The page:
2 million YouTube channels removed with 87% of channels promoting scams

Edward G. | August 11, 2020

According to Atlas VPN investigation, Google’s video platform YouTube removed 1.98 million channels between January and March of 2020. In 87.5% of the cases, the channels were terminated due to promoting scams, sending out spam, or posting misleading content.

YouTube deletes a channel when it violates its community guidelines three times within 90 days. Also, a channel can be terminated because of a single severe case, such as predatory behavior.

When YouTube deletes a channel, all of its videos are removed as well. Together with 1.98 million channels, due to channel-level suspension, more than 51 million videos were removed in the first quarter of 2020, as reported in the recently released YouTube Community Guidelines enforcement report.

Google’s streaming platform removed nearly 158 thousand or around 8% of channels for nudity or sexual content. Another 51 thousand or 2.6% of channels were terminated for violating YouTube’s child safety rules.

YouTube deleted 11 thousand or 0.6% of channels due to harassment and cyberbullying. Another small portion - nearly 10 thousand channels or 0.5% were removed because they promoted violence and violent extremism.

Similarly, YouTube terminated 9.5 thousand or 0.5 % of channels for multiple policy violations. Google’s video platform puts channels that violated several rules into this category.

Just 2.6 thousand or 0.1% of channels were terminated for hateful or abusive content, reports YouTube. Another 2 thousand or around 0.1% of channels were deleted because they impersonated other channels, brands, or personalities.

Nearly 694 million comments removed

YouTube’s report also highlights that a staggering 693.58 million comments were removed in Q1 of 2020. Out of 693.58 million comments, Youtube’s algorithm flagged 99.6% of cases automatically, indicating that the algorithm is doing most of the heavy lifting.

In contrast, humans flagged 2.5 million or 0.4% of comments. As a side-note, these numbers do not include comments removed by channel owners on their videos.

Just like with channels, most comments - 470 million or 67.9% were deleted because they promoted scams, misleading content, or violated spam guidelines.

The leading streaming platform terminated another 96.6 million comments or 13.9% because of child safety violations. In addition, over 81.5 million or 11.8% of remarks were removed due to harassment and cyberbullying.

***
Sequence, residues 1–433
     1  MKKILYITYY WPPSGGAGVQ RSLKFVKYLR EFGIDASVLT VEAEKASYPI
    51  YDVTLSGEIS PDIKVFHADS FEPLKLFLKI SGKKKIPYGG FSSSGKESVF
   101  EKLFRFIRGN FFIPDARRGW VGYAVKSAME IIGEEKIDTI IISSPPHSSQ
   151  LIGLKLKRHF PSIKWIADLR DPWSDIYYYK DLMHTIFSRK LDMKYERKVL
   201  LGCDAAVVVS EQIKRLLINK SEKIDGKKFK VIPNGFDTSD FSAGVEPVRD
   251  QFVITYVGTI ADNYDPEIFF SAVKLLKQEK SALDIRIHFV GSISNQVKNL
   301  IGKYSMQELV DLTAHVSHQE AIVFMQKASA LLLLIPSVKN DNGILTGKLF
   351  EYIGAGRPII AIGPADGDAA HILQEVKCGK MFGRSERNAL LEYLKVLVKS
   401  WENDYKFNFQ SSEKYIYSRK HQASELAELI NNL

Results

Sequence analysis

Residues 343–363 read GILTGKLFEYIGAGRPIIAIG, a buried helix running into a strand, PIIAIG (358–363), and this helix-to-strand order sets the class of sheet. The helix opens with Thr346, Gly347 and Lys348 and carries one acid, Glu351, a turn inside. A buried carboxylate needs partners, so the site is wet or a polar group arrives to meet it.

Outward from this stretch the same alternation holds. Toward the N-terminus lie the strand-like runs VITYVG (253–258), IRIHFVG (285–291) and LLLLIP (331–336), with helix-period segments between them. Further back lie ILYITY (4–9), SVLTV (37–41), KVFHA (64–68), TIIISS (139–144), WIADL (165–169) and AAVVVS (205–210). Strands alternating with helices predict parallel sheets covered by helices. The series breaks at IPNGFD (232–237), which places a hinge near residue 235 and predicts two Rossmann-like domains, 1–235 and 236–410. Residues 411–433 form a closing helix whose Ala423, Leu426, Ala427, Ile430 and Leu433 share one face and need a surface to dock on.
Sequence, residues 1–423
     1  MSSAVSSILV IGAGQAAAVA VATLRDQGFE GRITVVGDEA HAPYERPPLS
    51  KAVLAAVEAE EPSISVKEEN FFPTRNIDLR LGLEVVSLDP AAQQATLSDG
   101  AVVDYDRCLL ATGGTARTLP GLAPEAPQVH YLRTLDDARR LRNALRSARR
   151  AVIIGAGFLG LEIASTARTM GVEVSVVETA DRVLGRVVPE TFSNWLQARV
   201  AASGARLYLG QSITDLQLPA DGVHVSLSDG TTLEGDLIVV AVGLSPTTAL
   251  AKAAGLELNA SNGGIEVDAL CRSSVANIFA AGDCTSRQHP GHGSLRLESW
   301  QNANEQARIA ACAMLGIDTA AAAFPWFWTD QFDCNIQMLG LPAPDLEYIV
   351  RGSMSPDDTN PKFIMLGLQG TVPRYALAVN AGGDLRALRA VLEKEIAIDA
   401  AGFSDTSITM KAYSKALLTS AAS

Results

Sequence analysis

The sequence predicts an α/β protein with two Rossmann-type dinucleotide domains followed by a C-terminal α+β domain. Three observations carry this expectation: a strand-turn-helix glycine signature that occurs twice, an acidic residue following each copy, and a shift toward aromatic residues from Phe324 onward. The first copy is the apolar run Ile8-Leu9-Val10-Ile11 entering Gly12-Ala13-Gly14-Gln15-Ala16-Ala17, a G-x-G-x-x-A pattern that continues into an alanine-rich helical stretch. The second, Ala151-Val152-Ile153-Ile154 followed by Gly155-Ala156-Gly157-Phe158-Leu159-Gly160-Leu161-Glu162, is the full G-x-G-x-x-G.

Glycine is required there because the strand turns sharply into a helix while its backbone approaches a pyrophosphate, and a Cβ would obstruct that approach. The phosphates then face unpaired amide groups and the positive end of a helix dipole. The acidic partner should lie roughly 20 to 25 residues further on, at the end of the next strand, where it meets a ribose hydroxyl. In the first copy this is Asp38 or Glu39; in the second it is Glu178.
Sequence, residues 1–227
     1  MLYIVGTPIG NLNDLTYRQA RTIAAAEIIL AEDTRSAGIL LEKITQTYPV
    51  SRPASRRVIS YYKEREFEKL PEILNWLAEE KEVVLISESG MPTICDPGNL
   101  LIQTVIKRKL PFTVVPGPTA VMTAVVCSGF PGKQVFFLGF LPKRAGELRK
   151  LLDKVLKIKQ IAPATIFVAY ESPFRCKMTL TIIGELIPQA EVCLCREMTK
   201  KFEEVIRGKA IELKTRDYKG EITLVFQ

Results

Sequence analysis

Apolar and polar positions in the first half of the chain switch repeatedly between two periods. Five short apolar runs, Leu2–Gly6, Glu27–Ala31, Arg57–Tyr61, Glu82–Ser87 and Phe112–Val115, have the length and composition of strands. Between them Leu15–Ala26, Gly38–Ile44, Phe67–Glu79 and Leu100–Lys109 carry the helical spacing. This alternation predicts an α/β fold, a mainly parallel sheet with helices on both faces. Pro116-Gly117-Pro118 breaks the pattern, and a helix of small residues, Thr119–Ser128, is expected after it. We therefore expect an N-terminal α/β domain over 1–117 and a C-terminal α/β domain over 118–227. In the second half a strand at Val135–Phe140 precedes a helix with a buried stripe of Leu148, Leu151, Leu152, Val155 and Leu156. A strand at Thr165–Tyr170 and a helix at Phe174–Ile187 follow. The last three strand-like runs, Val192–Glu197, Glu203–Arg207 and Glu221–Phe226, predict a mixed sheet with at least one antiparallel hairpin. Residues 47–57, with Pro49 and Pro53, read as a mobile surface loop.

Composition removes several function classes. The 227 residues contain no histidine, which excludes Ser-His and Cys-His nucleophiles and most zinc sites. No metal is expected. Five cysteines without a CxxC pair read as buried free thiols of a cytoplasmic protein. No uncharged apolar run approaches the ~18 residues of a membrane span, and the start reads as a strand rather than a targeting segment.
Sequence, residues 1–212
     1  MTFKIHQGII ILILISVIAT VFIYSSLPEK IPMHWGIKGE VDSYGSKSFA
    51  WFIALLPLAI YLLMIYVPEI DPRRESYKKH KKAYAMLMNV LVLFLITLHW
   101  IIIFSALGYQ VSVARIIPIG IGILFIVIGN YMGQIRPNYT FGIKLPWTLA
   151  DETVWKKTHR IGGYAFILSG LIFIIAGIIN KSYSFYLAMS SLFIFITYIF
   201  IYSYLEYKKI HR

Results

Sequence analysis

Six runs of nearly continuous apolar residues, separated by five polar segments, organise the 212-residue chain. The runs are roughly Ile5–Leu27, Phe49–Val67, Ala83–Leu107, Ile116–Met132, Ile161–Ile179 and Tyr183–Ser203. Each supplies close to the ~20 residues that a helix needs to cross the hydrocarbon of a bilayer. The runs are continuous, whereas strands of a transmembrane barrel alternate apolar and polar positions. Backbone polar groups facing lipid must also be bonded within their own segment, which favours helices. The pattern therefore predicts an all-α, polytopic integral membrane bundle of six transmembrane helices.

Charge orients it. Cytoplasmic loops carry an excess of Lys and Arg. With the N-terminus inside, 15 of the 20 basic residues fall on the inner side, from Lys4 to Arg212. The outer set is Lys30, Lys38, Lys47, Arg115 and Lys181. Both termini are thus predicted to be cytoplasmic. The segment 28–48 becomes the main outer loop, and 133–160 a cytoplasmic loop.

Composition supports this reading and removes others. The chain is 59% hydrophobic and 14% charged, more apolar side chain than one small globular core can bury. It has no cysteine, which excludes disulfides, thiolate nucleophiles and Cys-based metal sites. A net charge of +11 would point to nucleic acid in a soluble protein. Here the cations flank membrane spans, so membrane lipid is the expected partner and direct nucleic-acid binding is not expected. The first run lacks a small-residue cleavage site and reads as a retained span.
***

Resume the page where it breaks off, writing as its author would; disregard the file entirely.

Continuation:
Lastly, YouTube removed more than 43.5 million or 6.3% of opinions because they were hateful or abusive.

YouTube clarifies that due to the pandemic, they reduced in-office staffing, and they mostly rely on machines to flag content. Using technology to flag comments, channels, or videos means that more terminations than usual may not violate YouTube’s policies.

However, YouTube does have dedicated teams around the world that reviews flagged comments and removes them if they do violate Youtube’s community guidelines.

Users increasingly take part in flagging videos

For users who wish to help make YouTube a better place, under every video, after clicking on three horizontal dots, there is an option to “Report” a video for various reasons. Also, users can report comments by clicking on three vertical dots on the right of the comment. Youtube’s staff reviews these reports, and if the content is inappropriate, they delete it.

Google’s streaming platform informs that over 90 million users have flagged videos on YouTube since 2006. The number of reports per day is up 25% year-by-year.

In total, YouTube removed 6.11 million videos in the first quarter of 2020. The platform’s algorithm seems to be working quite well and fast, as 77.3% of removed videos had 10 or fewer views.

Most terminated videos originated from the United States (1 million videos). Youtube checks the content creator’s IP address to determine from which country the creator is uploading the video.

By looking at the numbers of removed channels, videos, and comments, it seems that Google will not give up on its battle against inappropriate content anytime soon.

Edward G.

Edward G.

Cybersecurity Researcher and Publisher at Atlas VPN. My mission is to scan the ever-evolving cybercrime landscape to inform the public about the latest threats.



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